52°F
weather icon Mostly Cloudy

Unclear if screening saves lives

By JORDAN WILSON

VIEW ON HEALTH

Maybe if men weren’t so thick-headed when it comes to going to the doctor, prostate cancer wouldn’t be such a widespread problem.

However, that’s the routine scenario when it comes to prostate cancer. Many men diagnosed with this disease aren’t aware of it until it is in advanced stages. Still, there are differences of opinion when it comes to screening for prostate cancer.

Djenaba Joseph, who is a physician who specializes in prostate cancer and a works as a medical officer for the Centers for Disease Control and Prevention, said getting screened is one of the biggest obstacles to overcome.

Screening can be the difference between dying from prostate cancer and getting it taken care of before it even gains momentum. The early stages of prostate cancer aren’t painful, which is why it often goes undetected. By the time men can physically feel prostate cancer, it is likely in its advanced stages.

That’s why getting an exam is so important.

“The problem is that men aren’t so great about going to see their doctor,” Joseph said. “You have to see your physician and discuss whether prostate cancer is a possibility.”

Well, maybe men have an excuse. Prostate cancer, after all, is a quiet disease. The symptoms are scarce, as are the side effects.

Prostate cancer in many cases is a silent killer. There are few symptoms and prostate cancer grows at a very slow rate. Unlike the majority of cancers and infectious diseases, prostate cancer can easily slide under the radar because there are very few — if any — symptoms. Sometimes, symptoms may include urination problems, such trouble starting or stopping the flow of urine.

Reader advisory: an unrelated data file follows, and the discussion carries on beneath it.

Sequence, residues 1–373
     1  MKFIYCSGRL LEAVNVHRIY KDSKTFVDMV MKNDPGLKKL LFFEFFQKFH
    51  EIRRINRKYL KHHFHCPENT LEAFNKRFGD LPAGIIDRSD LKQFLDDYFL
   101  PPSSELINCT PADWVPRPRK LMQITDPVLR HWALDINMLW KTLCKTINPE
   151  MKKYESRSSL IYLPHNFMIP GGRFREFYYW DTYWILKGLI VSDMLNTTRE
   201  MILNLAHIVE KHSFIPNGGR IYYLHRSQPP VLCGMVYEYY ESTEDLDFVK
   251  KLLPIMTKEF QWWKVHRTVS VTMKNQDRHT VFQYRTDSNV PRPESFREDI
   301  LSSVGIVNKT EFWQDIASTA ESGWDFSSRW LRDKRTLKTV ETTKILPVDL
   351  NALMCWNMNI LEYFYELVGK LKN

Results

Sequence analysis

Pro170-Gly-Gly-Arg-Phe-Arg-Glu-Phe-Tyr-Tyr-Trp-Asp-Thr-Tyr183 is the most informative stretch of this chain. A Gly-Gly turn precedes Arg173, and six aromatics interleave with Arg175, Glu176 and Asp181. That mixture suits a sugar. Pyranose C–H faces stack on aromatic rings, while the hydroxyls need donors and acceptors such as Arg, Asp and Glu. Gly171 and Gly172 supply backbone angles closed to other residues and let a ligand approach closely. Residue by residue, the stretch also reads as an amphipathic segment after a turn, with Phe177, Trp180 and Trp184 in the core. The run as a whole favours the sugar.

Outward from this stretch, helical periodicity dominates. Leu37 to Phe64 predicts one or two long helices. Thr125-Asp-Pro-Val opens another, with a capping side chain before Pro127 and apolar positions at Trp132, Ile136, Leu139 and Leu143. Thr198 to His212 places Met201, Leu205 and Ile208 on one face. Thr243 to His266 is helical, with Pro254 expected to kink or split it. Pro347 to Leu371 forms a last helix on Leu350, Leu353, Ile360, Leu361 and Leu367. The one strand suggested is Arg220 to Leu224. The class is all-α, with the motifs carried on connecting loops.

“There’s really nothing too specific as far as symptoms,” Joseph said. “Men can have difficulty starting their urination. They can have a weak flow or it can shut off in the middle. They may go to the bathroom more often and there may be a pain or burning during urination.”

Other than that, here isn’t much on the symptom front. The cancer can go undetected for years, or even until it becomes deadly.

And to make prostate cancer even more of a crap-shoot, there are no real risk factors. Being old or being African-American is about the only thing that puts you at a higher risk.

“The only risk factor we’re sure of is age,” Joseph said. “And we don’t have any control over there. There is also family history and race. African-American men have a much higher incidence. There’s been all sorts of research into obesity, diet and vitamins. We’re not for sure if any is associated.”

According to the Mayo Clinic, about one in six men in the United States will be affected at some point in their life. Prostate cancer is regarded as one of the most prominent cancers in the United States. With such a high percentage of men at risk, it’s important to know the facts behind prostate cancer.

Prostate cancer forms in the prostate, a gland that produces a component of semen, and can actually spread to other parts of the body such as lymph nodes and bones. Aside from the presence of the cancer itself, prostate cancer can create many difficulties in everyday life. Men with prostate cancer can have trouble urinating, can develop erectile dysfunction and might not be able to perform during sexual intercourse.

Not all men have to worry about prostate cancer. At least not now. Men 50 and older are most at risk for prostate cancer and it is rarely seen in younger men. So why does prostate cancer seem to only affect those in their 50s and beyond? Joseph said that as men get older, their prostates enlarge. When the prostate enlarges, it presses on the urethra or bladder, causing urinary problems. However, only about five percent of prostate cancer cases are originally prompted by urinary problems, which is why screening is so important.

Prostate cancer can be detected in a number of ways. The most common is to test PSA levels, or prostate specific antigen levels. If men have an elevated PSA, then a biopsy will be performed, Joseph said. This biopsy will confirm if the cancer exists or if it was just a fluke reading. A physical examination can also help in diagnoses.